A recent study reveals how we can use peer pressure for good. Christine Kormos took the lead on a research paper where her team found that when framing the benefits of sustainable commuting as a social norm, people tended to make more of an effort.
For example: Eric Jaffe from CityLab writes that psychologists found in a separate experiment that hotel guests would sometimes reuse their towels when they were told it helps the environment. But telling them that most of the other guests reuse their towels increased the likelihood they would do so. Psychologists found the same approach works with recycling and energy use.
Kormos and her team note that when they introduced a social norm into the argument for why we should carpool, it “[encourages] commuters to consciously evaluate their travel mode choices and to subsequently establish new, more sustainable, habits.”
The research behind their study included 78 people with an average age of 31. They all commuted regularly to a college campus or nearby city. Researchers asked them to keep a journal for a week, recording their commuting habits, such as total time and mode of transport taken for the journey. The participants were then given a pamphlet about more sustainable transportation options and asked if they could reduce their driving trips by 25 percent in the coming three weeks. However, unknown to the 78 participants, how they were asked to reduce their habits was framed in one of three ways.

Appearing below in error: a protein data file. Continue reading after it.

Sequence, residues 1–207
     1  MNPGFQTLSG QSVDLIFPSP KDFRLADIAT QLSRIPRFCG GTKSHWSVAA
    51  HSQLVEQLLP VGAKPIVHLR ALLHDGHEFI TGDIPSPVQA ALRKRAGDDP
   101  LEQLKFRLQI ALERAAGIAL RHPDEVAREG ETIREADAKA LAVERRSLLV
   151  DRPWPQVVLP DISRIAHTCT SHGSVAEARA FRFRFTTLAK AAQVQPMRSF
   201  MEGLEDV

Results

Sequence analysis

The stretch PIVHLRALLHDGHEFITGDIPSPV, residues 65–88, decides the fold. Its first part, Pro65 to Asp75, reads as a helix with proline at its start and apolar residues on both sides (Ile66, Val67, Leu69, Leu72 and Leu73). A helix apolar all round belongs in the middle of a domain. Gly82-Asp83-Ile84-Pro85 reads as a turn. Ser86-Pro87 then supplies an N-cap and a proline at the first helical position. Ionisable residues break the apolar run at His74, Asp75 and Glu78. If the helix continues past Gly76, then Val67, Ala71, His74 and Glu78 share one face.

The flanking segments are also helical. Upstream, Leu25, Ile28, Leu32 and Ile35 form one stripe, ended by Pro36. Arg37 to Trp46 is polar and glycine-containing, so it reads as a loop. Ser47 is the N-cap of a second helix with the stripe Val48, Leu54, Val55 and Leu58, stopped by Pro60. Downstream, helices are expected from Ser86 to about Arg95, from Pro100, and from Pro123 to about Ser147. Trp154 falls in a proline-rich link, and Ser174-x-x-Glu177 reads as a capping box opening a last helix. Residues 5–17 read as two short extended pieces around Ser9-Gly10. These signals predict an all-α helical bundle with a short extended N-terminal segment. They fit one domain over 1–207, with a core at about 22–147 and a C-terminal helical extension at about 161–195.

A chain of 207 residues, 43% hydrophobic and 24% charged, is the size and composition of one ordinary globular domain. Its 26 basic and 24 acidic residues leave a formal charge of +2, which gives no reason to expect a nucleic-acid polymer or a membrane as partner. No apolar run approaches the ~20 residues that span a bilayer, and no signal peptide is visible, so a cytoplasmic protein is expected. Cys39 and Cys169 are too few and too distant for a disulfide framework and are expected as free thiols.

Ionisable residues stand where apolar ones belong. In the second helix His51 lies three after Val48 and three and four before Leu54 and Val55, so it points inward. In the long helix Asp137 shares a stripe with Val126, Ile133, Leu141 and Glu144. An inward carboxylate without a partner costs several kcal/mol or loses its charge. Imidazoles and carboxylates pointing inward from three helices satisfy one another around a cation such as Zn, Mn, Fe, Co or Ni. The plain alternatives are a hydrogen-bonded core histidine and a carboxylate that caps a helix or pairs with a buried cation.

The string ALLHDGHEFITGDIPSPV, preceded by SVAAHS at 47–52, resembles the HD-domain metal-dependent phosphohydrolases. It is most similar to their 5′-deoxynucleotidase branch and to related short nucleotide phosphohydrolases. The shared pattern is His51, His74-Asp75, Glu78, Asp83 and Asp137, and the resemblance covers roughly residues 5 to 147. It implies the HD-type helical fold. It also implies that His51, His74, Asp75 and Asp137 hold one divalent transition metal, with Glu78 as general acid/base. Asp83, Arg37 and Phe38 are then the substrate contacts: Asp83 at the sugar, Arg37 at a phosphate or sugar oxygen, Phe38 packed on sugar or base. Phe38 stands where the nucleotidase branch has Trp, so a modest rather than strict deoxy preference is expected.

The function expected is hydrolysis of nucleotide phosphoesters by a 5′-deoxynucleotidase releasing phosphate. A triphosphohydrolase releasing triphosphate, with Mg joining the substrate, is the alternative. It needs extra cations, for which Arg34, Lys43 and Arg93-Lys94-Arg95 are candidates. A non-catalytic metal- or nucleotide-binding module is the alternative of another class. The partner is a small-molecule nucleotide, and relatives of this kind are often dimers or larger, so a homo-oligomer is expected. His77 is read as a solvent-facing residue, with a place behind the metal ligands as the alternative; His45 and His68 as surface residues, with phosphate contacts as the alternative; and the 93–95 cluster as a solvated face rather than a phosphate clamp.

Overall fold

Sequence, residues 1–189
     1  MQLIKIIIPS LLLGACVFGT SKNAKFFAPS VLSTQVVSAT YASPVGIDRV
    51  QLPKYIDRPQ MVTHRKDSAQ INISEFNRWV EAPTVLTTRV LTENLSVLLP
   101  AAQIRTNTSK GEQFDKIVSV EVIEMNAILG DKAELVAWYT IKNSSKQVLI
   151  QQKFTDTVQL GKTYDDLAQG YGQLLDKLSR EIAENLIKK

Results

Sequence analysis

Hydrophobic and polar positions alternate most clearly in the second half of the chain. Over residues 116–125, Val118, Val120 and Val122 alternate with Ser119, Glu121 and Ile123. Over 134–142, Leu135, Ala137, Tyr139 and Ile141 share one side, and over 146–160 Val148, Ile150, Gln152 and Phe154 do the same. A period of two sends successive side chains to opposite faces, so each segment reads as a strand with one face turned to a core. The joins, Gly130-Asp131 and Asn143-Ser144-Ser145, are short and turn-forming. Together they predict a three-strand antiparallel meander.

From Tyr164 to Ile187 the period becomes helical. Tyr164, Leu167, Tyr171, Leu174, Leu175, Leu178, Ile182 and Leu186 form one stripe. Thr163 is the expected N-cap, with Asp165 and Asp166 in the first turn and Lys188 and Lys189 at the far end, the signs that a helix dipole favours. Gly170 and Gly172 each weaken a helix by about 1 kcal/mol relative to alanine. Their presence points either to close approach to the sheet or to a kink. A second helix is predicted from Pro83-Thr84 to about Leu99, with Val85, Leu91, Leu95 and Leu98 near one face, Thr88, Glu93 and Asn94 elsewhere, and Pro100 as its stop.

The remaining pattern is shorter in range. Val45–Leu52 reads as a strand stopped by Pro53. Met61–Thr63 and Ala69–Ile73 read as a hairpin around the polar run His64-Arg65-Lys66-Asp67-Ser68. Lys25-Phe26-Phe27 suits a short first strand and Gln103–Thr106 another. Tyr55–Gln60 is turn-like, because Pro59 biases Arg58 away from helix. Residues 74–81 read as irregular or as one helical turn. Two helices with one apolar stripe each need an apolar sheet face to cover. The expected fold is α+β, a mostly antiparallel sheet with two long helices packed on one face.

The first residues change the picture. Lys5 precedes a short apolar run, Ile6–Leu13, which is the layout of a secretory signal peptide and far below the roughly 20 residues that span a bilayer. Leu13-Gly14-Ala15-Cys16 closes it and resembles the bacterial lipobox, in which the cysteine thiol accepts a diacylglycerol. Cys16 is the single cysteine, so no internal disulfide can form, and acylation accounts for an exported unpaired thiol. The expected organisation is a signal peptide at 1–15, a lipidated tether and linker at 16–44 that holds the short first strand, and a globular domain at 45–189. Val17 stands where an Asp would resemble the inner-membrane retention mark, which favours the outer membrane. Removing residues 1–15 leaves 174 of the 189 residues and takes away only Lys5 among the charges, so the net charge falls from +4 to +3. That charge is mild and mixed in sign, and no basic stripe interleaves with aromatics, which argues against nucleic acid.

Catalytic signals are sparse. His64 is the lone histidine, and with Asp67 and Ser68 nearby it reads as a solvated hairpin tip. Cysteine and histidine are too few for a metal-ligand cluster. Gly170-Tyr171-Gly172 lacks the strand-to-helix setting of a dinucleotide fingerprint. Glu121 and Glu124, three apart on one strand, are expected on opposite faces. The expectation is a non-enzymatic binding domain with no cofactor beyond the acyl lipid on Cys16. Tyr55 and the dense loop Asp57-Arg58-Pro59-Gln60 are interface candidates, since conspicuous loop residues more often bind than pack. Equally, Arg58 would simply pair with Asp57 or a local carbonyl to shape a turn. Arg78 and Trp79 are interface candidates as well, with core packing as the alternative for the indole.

One group acted as a control and was given a list of alternative modes of transport, and nothing more. Another group was given a “low” peer-pressure message saying that only 4 percent of people had given up on commuting alone. The last group received a much bigger nudge, told that one in four commuters had switched from solo travel to a more sustainable, group method. Kormos and her team found that the high-pressure group was most successful in reducing their daily drive.
This has led the researchers to conclude in their paper:
“Car-use message campaigns can reduce private-vehicle use by highlighting descriptive norms about others’ sustainable transportation efforts, but these messages appear to be most effective for commuting behavior.”
Another solution to creating efficient city traveling involves crowdsourcing and an Internet of Things deployed in urban areas. Michael Schrage, a research fellow at the Center for Digital Business at MIT Sloan School of Management, explains that publishing raw data would enable people to run simulations and create fresh proposals. Science, he says, should be a kibbutz!
Read more about the study at CityLab.
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